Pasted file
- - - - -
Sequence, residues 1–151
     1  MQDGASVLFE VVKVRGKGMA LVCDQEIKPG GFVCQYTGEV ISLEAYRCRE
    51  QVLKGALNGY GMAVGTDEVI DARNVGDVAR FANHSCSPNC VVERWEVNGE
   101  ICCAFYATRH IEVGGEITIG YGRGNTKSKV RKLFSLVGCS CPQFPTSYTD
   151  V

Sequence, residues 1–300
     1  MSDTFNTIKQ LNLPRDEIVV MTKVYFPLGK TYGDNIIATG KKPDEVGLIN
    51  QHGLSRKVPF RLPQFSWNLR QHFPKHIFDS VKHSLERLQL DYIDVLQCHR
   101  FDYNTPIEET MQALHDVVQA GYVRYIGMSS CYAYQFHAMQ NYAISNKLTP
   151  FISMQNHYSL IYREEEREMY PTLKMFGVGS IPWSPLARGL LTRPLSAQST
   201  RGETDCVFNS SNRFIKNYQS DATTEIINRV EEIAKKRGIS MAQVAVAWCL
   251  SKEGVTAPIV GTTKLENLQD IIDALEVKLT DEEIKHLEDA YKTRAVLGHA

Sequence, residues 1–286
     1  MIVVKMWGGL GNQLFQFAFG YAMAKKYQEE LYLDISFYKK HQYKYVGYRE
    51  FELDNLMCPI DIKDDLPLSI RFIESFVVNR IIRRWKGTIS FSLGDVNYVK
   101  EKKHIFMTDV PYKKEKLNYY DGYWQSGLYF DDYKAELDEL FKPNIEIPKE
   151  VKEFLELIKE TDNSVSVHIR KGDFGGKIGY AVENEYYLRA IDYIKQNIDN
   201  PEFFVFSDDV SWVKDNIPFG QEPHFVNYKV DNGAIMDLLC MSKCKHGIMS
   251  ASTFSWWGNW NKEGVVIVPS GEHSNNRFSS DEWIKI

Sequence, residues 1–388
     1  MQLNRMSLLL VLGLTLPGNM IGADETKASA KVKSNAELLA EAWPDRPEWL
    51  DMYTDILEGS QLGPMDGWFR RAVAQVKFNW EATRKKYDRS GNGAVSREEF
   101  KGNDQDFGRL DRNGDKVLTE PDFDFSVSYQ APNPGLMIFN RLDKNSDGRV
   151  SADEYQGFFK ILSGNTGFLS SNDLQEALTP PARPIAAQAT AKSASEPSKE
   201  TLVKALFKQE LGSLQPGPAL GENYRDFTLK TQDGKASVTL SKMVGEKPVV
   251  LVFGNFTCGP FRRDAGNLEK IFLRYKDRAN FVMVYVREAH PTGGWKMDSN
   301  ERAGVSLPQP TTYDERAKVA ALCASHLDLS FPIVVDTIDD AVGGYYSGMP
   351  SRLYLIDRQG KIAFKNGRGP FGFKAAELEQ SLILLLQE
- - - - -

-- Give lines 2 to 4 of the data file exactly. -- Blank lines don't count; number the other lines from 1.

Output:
     1  MQDGASVLFE VVKVRGKGMA LVCDQEIKPG GFVCQYTGEV ISLEAYRCRE
    51  QVLKGALNGY GMAVGTDEVI DARNVGDVAR FANHSCSPNC VVERWEVNGE
   101  ICCAFYATRH IEVGGEITIG YGRGNTKSKV RKLFSLVGCS CPQFPTSYTD